What’s Your Omaha?

As we gear up for the Super Bowl, we are inundated with the stories surrounding the game.  Will Manning be able to throw in cold weather?  Can the top offense beat the top defense?  Will Richard Sherman snap and  eat a baby?  Anything is possible!

One of the stories we have heard quite a bit is about Peyton Manning’s “Omaha” call.  What is it?  According to Manning, it could be a lot of things.

“Omaha is a run play, but it could be a pass play or a play-action pass depending on a couple things: the wind, which way we’re going, the quarter and the jerseys that we’re wearing. So it varies, really, play to play, so, that’s — there’s your answer to that one.”

The truth is, apparently, that Omaha is a hurry-up call to get the ball snapped.  Usually.  Unless it is a non-hurry-up call to try to draw the defense.  But let’s stick with the first use for a moment.

The idea of an audible around the need to move quickly or in a pre-defined way isn’t all that new.  Heck, we used them playing Dungeons & Dragons when I was in college high school junior high school.  Anyone called out “red flag,” everyone knew to turn their attention in that direction for one round, usually to deal with a wraith, dragon or Ravenous Bugblatter Beast of Traal.  So most of us know from an audible.  But are you using them in the workplace?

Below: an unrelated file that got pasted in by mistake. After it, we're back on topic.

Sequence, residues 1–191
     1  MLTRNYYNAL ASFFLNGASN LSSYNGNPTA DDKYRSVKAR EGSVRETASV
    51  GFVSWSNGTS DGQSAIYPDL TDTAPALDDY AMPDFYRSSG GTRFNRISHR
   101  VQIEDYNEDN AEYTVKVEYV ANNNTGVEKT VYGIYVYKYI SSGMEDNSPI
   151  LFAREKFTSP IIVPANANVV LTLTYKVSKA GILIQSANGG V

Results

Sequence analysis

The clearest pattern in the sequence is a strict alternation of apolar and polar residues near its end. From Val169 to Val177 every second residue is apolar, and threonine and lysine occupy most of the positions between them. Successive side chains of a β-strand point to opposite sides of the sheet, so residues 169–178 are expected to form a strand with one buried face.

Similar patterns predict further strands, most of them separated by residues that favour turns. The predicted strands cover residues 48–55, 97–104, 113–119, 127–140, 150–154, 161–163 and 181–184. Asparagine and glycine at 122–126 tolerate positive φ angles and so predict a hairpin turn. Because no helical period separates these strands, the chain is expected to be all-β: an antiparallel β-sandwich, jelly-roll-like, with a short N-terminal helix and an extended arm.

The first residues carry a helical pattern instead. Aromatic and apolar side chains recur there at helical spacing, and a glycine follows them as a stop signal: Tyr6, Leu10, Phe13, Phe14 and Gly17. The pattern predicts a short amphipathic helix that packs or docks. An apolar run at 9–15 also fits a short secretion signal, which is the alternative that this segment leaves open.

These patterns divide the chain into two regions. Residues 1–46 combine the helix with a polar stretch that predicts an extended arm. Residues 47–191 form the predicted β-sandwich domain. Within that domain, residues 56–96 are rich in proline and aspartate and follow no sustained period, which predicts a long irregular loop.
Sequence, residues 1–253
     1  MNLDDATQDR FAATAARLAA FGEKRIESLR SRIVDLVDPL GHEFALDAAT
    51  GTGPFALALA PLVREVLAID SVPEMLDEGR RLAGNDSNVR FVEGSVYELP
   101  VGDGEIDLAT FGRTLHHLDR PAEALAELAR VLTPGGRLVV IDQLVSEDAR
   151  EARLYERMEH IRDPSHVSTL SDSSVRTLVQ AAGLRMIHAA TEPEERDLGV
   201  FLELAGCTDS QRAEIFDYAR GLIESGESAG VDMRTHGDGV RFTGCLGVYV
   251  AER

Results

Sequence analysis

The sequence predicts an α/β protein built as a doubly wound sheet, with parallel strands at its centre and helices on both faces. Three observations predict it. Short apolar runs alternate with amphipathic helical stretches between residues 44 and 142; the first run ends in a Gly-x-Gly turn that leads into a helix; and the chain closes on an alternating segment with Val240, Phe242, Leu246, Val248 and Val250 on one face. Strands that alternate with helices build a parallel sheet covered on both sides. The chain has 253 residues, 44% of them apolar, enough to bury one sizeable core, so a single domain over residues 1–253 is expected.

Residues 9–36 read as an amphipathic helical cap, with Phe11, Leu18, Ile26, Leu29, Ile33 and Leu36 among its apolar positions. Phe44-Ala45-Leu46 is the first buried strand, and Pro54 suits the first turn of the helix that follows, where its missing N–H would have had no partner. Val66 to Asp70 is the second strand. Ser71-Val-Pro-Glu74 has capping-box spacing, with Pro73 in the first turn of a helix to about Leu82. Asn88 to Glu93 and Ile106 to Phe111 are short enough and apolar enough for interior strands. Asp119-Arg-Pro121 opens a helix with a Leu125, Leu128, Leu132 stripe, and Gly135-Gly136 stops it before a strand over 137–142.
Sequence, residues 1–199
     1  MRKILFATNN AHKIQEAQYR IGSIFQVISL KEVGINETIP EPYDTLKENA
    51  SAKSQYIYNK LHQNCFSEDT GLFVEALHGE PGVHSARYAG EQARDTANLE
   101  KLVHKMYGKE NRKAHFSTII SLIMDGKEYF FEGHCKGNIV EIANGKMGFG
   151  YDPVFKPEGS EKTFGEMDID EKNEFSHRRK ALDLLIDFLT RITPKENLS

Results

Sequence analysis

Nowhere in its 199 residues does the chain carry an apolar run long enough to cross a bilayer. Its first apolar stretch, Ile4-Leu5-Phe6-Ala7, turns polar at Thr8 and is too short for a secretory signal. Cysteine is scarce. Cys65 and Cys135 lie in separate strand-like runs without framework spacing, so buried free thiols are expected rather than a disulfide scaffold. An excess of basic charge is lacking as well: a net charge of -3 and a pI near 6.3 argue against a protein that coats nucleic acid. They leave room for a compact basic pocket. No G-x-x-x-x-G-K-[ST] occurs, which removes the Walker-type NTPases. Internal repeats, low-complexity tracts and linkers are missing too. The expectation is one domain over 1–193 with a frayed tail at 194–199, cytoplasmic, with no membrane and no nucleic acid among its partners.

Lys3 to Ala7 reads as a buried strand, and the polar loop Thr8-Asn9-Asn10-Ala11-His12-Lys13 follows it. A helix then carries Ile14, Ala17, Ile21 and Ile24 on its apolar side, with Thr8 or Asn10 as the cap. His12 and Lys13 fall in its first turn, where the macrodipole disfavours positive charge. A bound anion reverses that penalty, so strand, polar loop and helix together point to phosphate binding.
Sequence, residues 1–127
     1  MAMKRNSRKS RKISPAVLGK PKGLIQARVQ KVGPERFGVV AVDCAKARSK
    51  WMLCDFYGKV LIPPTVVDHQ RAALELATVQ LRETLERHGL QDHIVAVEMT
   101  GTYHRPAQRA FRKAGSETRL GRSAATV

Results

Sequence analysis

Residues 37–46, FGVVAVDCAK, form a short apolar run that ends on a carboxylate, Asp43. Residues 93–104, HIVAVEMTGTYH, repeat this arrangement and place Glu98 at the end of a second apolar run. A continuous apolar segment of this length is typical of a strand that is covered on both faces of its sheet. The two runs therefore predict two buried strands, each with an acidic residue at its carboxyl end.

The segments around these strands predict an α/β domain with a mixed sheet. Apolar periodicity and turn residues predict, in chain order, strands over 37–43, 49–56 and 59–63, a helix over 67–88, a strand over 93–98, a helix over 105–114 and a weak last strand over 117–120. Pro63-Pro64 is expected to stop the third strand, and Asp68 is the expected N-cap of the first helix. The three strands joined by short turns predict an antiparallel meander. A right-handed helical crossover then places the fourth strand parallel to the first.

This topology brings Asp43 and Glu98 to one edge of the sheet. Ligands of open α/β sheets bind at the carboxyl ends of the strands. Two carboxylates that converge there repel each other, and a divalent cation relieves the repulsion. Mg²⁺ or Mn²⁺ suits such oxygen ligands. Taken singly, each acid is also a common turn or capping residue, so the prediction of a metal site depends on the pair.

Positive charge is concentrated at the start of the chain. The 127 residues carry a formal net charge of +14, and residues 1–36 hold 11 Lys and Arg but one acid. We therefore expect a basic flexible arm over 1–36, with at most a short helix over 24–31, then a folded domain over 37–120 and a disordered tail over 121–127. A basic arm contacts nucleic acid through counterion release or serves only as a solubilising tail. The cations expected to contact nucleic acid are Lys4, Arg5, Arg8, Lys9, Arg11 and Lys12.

Often the default setting for letting people know something is important is to be REALLY LOUD about it.  That’s also the setting for being angry, working in high winds, or finding yourself  in a country where you do not speak the local language (though this includes speaking slowly as well).  How useful would it be to have your own Omaha that, when called, let’s everyone know “hey, this is really important, we need to move quickly, and I’d really appreciate if anyone with a free moment could jump in to help take care of it, knowing that I will have your back as well should the situation ever call for it.”  Think of all the hurt feelings and misunderstandings that you could avoid, not to mention the productivity surges on critical items with no need for long project meetings.

You aren’t required to use Omaha, of course.  Feel free to use any Nebraska town or Counting Crows song.  You’ll be better for it.




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